You are on page 1of 48

TERMS RELATED:

Nutrition.
Food. nutrient.

COMPOSITION OF FOOD:
Macronut . protein s Micronut .
minerals
vitamins

water

CHO
lipids

ENERGY REQUIREMENTS:
Depend
both

on energy expenditure.

energy requirements and expenditure should be in a balance. 3000 kcal for reference man and 2200 kcal for reference woman.

Approximately

Reference

man: Young adult male aged 25 years old, weighting 65 kg and works 8 hours/day in a comfortable temperature. Reference woman: young adult female aged 25 years old, weighting 55kg and working 8 hours/day in a comfortable temperature.

ENERGY EXPENDITURE IS AFFECTED BY:


Age.
Sex. Climate. physical

activity.

MEAL PLANNING:
It

is the process of combination of food stuffs from different food groups to form a meal.
is the base for constructing an adequate balanced diet.

It

CONSIDERATIONS:
The

presence of the essential elements in balanced proportions. The nutritional requirements of the individual. Economic, social and health conditions.

A HEALTHY BALANCED DIET:

Provides an adequate amount of all nutrients in a balanced proportion.

FOR EXAMPLE: REFERENCE MAN


CHO

supply = 3000 X 60%= 1800 cal./ 4=450 gm. supply = 3000 X 30% = 900 cal./9= 100gm. supply 10% = 3000 X10 =300 cal. / 4= 75 gm.

Fat

Protein

TOOLS USED:
Food
Food

groups.
guide pyramid.

Food

composition tables.
and energy density. list.

Nutrient Dietary

guidelines.

Exchange

FOOD GROUPING:

Building
proteins

Energy supplying
energy

Vitality
vitamins and minerals

MACRONUTRIENTS:

Types.
Dietary sources.

Function.
Requirements.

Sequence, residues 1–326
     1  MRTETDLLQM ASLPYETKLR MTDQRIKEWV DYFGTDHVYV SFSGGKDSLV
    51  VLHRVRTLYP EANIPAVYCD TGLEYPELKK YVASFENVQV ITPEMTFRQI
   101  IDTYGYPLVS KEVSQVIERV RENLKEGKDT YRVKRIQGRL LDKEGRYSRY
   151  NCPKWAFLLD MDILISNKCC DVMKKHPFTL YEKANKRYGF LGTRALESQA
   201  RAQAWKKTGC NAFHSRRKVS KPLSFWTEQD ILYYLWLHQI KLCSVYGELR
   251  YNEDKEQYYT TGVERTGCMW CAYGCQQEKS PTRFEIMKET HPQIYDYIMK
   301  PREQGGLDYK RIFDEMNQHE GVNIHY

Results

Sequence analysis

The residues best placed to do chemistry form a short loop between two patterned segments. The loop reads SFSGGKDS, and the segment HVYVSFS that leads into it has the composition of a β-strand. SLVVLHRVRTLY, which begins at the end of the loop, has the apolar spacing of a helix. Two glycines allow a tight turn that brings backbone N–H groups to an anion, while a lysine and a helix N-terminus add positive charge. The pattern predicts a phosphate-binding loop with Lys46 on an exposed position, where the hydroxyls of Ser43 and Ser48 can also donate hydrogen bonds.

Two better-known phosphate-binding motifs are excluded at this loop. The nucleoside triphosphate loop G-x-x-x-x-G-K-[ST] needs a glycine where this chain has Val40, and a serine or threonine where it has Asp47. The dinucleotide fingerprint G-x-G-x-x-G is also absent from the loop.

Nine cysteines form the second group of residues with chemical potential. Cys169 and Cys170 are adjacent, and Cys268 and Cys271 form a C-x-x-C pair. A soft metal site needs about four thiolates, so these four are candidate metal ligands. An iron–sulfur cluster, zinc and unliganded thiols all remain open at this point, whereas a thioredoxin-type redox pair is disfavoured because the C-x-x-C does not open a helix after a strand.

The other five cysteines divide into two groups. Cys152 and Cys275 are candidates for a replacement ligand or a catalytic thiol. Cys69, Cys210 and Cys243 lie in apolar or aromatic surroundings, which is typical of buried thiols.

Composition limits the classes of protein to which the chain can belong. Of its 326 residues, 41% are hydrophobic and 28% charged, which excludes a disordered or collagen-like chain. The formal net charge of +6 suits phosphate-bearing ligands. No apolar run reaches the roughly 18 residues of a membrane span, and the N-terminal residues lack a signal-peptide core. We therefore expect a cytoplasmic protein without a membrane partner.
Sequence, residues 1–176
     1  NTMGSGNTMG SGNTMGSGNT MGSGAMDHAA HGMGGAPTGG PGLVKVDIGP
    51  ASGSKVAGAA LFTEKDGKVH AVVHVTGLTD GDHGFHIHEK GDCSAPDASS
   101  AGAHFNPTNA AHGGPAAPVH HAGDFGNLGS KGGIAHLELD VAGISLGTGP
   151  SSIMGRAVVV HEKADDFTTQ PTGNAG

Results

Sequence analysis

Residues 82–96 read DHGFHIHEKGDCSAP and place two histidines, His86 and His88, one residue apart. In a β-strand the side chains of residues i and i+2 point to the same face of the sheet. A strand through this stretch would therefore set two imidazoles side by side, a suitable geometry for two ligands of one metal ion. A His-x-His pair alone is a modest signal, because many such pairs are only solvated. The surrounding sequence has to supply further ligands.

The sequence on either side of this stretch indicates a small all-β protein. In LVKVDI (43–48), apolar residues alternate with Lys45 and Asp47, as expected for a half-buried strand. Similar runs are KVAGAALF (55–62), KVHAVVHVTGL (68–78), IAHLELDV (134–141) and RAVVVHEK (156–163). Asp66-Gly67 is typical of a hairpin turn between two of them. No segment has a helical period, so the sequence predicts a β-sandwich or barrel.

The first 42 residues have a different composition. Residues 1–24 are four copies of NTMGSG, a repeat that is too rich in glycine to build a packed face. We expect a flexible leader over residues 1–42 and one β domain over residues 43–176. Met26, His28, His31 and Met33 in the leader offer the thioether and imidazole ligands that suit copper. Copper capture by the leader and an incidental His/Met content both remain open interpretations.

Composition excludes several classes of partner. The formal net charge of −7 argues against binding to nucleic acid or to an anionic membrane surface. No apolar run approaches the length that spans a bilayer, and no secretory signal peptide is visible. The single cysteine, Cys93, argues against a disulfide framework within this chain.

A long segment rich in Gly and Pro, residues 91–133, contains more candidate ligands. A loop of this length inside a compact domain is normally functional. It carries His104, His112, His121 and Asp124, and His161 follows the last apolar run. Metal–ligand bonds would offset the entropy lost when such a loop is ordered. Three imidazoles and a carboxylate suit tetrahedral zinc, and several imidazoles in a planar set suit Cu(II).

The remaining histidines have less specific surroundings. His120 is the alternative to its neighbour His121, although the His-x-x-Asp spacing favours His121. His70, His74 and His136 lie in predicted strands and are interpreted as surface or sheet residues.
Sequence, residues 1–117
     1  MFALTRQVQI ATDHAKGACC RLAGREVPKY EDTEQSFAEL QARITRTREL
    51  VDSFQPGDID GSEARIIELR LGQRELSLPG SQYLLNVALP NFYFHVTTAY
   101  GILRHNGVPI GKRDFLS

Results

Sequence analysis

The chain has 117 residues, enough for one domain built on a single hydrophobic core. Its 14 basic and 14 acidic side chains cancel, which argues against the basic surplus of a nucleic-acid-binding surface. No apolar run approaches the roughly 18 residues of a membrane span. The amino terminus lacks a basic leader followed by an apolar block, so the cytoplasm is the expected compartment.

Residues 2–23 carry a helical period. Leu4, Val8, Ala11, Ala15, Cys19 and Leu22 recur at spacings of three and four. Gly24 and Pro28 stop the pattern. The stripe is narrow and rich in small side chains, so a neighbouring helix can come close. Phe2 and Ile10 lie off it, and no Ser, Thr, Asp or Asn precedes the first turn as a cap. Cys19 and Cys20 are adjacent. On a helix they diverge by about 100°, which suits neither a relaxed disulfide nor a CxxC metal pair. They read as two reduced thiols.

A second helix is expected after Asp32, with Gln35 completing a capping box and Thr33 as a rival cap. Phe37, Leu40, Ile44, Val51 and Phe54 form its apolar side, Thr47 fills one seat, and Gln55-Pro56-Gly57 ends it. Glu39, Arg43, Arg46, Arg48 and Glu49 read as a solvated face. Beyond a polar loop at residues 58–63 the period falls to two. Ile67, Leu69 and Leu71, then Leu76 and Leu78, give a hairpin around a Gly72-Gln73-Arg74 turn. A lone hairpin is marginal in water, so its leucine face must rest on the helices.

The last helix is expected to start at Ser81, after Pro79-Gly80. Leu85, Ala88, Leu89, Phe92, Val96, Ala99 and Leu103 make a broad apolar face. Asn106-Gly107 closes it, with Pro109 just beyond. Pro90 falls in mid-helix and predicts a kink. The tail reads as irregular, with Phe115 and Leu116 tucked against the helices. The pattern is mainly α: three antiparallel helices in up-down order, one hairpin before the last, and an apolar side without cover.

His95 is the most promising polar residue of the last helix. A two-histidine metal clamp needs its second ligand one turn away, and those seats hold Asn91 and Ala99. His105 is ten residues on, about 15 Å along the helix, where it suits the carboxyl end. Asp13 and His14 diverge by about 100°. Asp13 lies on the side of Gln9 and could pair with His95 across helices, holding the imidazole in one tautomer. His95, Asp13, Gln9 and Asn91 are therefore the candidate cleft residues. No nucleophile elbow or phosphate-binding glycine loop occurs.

Deficiency.
Toxicity.

Types source

Animal protein Meat, egg, milk, fish High biologic value. Complete protein.

Plant protein Peas, beans, lentils. Low biologic value. Incomplete protein.

characters

INCREASING VALUE :

Intake of a variety of plant food all-over the day so that The missing amino acids of one food can be supplemented by the others.

FUNCTIONS:
Formation
o o

of :

Cells both new and injured cells. Enzymes& hormones, hg and other essential compounds.

Fluid

balance. Acid base balance. May provide part of energy Transport molecules e.g. lipoprotein Contributing to the immune function
through formation of antibodies.

RECOMMENDED INTAKE:
Infants

and children: 2-3 gm. / kg. of the body weight. adults: 0.8 1 gm. /kg. of the ideal body weight. pregnancy: 1.3-1.5 gm/kg.
2gm./kg.

For

During

Lactation:

DEFICIENCY:
General

effects. Loss of weight and debility, muscle wasting in adults. Hypo-proteinaemia and nutritional edema in
severe cases.
Fatty

liver.

Pure protein deficiency, in infant and young children cause kwashiorkor. With severe energy deficiency cause marasmus in

young children

EXCESS INTAKE:
Impairment

in kidney functions especially in patients with diabetes. is a link between cancer colon and increased consumption of red meat. High protein foods are usually high in fats which may cause hyperlipidemia.

There

TYPES:
Simple

carbohydrates (sugars):
( glucose, fructose, and galactose) include: sucrose, maltose & lactose.

oMonosaccharide oDisaccharides

Complex

carbohydrates:

(starch, glycogen, fibers).

FUNCTIONS:
Main
o

source of energy;.

Red blood cells and brain: can use only glucose and other simple carbohydrate forms for energy. o Spare protein as a source of energy :for its primary purpose of building and repairing tissues and preventing ketosis.
Used

as flavoring and sweetening agents in food industry. Fibers promote healthy intestinal function
& prevent hypercholesterolemia and heart diseases.

FIBERS :

Insoluble:e.g. cellulose and